Lecture 2: Social Classes
Karl Marx- the study of social class.
"divided into rich and poor. The property owners and the exploited...." -Stalin.
"two great classes: those who have more dinners than appetite. And those who have more
appetite than dinners"
"class is an aura of confidence that is being sure without being cocky. Class has nothing to
do with money"
"having proved you could meet life" -Ann Landers
"throughout recorded time there have been 3 kinds of people: the high the middle and the
low. They have been sibdivided in many ways, they have been called countless different
names...... But the essential structure of society has never altered" -George Orwell.
"All history has been the history of class struggles between dominant classes at different
levels of development".
Always clash over power- access to needed resources. Inevitable conflict.
History is not the doings of "great men", Marxists say its class warfare.
"Class is struggle. Some class is triumph. Others are eliminated. Such is history" -Mao
"evolution is what it is. The upper classes have always died out. It's one of the most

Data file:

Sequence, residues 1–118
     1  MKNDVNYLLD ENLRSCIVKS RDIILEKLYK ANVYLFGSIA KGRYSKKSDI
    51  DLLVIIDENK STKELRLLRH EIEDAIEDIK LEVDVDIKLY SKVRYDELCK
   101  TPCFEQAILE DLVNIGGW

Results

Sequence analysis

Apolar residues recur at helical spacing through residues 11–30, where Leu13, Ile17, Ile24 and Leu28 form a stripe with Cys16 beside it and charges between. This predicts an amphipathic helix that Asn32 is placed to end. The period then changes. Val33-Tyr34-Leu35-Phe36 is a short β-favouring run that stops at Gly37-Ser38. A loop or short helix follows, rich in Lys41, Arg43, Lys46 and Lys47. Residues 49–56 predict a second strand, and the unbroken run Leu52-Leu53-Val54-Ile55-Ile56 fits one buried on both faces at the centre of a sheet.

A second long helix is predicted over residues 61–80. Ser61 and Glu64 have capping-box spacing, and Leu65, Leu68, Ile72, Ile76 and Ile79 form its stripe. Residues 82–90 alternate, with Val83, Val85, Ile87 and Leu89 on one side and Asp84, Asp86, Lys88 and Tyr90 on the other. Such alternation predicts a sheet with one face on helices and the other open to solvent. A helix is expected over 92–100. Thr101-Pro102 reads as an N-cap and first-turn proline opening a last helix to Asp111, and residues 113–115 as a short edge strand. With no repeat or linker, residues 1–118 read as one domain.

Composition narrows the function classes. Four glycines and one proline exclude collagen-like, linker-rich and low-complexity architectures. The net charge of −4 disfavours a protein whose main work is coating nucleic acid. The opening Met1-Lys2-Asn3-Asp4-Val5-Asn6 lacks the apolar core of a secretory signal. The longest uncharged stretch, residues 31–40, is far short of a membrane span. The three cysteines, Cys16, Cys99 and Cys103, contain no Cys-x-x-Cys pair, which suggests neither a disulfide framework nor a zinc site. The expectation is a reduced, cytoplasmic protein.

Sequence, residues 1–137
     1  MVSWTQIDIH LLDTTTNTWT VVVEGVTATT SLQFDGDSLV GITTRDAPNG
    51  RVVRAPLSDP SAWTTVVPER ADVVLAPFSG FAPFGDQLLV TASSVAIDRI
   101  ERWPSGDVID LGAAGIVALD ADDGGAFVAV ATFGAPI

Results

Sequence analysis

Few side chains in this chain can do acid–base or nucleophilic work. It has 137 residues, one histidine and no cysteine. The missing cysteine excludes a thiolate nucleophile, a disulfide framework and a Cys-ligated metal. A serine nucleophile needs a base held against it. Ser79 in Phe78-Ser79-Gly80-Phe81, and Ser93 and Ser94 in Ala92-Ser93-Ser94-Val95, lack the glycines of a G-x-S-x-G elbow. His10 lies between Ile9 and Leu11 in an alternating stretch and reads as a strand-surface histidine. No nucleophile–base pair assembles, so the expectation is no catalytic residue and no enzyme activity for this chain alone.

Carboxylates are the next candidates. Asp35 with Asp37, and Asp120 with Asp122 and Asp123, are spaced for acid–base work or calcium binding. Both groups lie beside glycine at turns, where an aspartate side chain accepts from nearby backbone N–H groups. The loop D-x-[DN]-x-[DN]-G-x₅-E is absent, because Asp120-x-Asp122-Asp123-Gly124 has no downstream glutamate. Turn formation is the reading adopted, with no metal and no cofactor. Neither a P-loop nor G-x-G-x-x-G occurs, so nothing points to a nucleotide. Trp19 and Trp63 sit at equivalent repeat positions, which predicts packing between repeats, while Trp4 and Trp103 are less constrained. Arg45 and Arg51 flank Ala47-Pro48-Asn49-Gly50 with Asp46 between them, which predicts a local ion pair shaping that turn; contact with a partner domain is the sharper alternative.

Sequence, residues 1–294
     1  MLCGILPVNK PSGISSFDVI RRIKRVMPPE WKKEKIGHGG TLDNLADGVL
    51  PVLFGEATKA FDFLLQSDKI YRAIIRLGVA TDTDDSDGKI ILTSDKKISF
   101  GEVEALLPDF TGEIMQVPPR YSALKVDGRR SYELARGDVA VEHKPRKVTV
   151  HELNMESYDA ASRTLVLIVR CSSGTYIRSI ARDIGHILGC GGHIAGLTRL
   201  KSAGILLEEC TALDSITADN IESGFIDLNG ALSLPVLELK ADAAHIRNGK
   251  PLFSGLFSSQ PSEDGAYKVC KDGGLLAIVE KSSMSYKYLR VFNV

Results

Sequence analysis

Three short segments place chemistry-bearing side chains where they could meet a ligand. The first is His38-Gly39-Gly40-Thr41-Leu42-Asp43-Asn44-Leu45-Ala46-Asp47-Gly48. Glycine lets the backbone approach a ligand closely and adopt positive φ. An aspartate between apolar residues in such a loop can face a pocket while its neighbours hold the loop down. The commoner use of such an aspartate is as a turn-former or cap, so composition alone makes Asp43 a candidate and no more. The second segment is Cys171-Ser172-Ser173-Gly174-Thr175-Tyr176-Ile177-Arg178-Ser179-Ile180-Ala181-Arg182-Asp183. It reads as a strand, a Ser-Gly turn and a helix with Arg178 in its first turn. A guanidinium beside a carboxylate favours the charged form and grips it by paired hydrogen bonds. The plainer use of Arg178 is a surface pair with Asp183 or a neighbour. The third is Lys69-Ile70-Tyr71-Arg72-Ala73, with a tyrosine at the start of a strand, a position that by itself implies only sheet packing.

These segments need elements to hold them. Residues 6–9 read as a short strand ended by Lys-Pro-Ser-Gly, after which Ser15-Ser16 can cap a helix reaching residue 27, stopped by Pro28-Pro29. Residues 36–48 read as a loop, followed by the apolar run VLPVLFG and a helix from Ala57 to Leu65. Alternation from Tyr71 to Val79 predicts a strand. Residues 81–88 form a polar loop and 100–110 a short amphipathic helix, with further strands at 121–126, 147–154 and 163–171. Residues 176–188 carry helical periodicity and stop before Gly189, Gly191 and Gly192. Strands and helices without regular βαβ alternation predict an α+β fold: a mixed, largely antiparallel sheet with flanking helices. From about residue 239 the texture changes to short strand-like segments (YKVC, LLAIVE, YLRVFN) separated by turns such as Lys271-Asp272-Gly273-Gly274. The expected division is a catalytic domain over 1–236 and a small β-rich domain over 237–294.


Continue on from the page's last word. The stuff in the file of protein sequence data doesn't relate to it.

charming things about them" Germain Greer
"There is nothing to which men cling more tenaciously than the privileges of class"
A capitalist society is characterized by conflict, not harmony.
In industrial societies, capitalism divides the population into two opposing classes.
The working class has only three alternatives: to cooperate with the capitalists; to form
unions and try to modify social conditions; to make revolutions.
Human beings die. If you don't feed them. It means that people who can control the abilty
of other people to eat, exercise alot of power in a society. If you don't have land and need to
eat, you have to sell your labour to someone else. Who controls the means of production
controls everybody- life and death.
Differences in social position result from differences in people's relations to the means of
At both ends of the class ladder, class stability over time is maintained by inheritance.
That is why poverty (and wealth) is self-perpetuating from one generation to the next.